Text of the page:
Haiti groups see number of cholera cases drop
PORT-AU-PRINCE, Haiti—Haiti has seen a steady decline in the number of cholera cases as the Caribbean nation settles into its dry season, humanitarian groups said Tuesday.
The number of cholera cases has dropped to an average of 10 to 20 cases a day in two separate treatment centers in the crowded capital of Port-au-Prince compared to a bump of an average of 30 to 40 cases a day a month ago, said Dr. Wendy Lai, a medical coordinator for Doctors Without Borders Holland.
The current figures are close to an earlier low of nine to 15 cases seen at its treatment centers in July, Lai said.
"We're pretty close to the low as we've ever been," she said by telephone.
The cholera infection rate has fluctuated through Haiti's rainy and dry seasons, with the spikes largely attributable to the showers and floods that cause the waterborne disease to spread more freely in an unsanitary environment.
That was evident at a Doctors Without Borders treatment center in the densely populated area of Carrefour during last spring's rainy season, when as many as 300 new cases were reported a day, Lai said.
The seasonal decline in the number of cholera cases is consistent with the findings of a report released Tuesday by the United Nations Office for the Coordination of Humanitarian Affairs.
The bulletin reported health officials logging an average of 300 cases nationwide per day, compared to 500 cases a month ago.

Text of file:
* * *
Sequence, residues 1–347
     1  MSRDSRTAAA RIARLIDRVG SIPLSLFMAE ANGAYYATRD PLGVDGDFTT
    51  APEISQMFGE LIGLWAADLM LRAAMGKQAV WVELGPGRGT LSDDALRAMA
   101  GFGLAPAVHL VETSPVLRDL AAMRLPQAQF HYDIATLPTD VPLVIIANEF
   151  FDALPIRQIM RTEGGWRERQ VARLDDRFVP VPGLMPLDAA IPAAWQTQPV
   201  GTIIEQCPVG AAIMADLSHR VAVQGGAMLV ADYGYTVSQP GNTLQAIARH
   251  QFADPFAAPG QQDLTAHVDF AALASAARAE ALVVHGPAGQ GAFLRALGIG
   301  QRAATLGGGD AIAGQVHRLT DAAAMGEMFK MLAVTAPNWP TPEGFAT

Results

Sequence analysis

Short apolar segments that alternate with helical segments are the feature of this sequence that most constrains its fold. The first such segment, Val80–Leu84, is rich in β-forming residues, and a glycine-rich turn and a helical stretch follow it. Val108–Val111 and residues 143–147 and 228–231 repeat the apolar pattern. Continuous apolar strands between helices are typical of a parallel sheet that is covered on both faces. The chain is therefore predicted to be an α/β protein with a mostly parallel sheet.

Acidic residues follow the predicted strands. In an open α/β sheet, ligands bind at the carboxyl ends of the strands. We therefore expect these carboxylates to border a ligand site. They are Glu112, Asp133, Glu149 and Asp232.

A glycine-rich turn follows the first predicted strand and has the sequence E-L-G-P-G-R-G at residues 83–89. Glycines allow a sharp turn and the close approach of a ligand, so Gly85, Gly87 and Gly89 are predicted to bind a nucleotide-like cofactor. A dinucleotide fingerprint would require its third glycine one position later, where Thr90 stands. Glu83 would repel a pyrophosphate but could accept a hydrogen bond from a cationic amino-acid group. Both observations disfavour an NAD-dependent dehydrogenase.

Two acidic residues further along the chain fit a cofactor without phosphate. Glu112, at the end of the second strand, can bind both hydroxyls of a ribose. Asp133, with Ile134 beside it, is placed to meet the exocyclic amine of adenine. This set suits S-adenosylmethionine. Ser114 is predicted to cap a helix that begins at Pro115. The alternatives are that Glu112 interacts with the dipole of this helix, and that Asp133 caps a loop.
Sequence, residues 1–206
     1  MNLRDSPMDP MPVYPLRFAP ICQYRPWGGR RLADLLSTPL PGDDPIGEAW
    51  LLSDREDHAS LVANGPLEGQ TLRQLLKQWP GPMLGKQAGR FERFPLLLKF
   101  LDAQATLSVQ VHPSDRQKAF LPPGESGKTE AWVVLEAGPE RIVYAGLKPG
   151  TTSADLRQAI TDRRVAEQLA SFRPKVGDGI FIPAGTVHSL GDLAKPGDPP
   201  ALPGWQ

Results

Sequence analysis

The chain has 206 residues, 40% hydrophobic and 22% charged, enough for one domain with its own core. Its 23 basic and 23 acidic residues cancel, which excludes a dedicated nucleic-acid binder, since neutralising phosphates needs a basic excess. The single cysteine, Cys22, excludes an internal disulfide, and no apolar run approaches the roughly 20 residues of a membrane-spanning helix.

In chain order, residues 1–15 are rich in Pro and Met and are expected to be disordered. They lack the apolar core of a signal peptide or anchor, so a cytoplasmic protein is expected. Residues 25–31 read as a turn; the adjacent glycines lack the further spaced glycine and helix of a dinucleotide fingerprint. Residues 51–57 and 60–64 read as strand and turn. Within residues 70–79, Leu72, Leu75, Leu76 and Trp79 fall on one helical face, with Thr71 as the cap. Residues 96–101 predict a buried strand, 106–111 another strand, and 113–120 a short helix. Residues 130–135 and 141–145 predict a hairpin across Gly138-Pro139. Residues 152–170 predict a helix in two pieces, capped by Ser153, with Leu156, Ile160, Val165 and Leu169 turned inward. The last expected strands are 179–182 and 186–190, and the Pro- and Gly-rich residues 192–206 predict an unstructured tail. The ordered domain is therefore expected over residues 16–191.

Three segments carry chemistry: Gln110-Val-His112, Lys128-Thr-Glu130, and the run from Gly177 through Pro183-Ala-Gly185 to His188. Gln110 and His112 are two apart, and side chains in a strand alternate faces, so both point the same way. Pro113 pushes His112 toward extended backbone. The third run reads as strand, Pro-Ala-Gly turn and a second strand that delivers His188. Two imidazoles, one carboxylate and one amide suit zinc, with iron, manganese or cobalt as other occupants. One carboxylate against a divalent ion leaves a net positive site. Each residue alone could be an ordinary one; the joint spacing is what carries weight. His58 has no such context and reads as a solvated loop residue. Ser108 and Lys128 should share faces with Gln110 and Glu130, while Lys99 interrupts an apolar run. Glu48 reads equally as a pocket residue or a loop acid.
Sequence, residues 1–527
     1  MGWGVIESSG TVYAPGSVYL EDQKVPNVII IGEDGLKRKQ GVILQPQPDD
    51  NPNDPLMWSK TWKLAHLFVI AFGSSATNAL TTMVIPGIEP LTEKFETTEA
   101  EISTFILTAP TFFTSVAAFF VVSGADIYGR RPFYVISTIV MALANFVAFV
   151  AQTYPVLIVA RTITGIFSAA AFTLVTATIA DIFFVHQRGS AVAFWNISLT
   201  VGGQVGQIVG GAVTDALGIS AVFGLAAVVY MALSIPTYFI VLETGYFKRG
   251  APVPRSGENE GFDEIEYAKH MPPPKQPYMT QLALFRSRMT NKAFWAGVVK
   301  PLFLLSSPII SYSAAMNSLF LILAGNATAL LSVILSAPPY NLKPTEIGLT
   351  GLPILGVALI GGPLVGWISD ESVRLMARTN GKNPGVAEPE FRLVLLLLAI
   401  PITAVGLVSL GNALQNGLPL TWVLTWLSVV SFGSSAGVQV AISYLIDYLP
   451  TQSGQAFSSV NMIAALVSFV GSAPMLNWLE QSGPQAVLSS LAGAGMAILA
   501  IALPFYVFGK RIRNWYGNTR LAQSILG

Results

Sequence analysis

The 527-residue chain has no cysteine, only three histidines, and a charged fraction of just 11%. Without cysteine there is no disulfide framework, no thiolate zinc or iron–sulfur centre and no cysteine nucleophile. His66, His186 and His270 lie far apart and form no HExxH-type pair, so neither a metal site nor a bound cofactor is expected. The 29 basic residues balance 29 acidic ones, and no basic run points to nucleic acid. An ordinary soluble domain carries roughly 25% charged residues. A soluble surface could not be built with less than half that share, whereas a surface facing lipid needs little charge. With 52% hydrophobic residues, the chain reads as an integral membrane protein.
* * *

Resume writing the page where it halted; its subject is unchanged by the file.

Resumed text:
The same agency reported that fatality rates continue to drop or have stabilized in almost all of Haiti's 10 departments, with the exception of the Southeast where it jumped from 2.2 percent in January to 2.4 percent in November.
The mortality rate was once as high as 5 percent but has since dropped as Haitians educate themselves through government and aid agency campaigns about how to seek treatment and avoid the disease. Though easily treatable, cholera causes rapid dehydration and can kill within hours.
The initial mortality rate stemmed in part because the disease was alien to Haiti and few understood it.
There had been no documented cases of cholera in Haiti before the outbreak began a year ago. It was likely introduced to the country through a U.N. peacekeeping battalion from Nepal, where the disease is endemic.
Haiti now has the highest cholera infection rate in the world. Health officials say the disease has killed nearly 7,000 people and sickened another 515,000.
The alleged source of the disease has since become a contentious issue.
Last month, the Boston-based Institute for Justice and Democracy in Haiti filed a claim against the United Nations on behalf of more than 5,000 cholera victims on the grounds that the world body was responsible for the epidemic.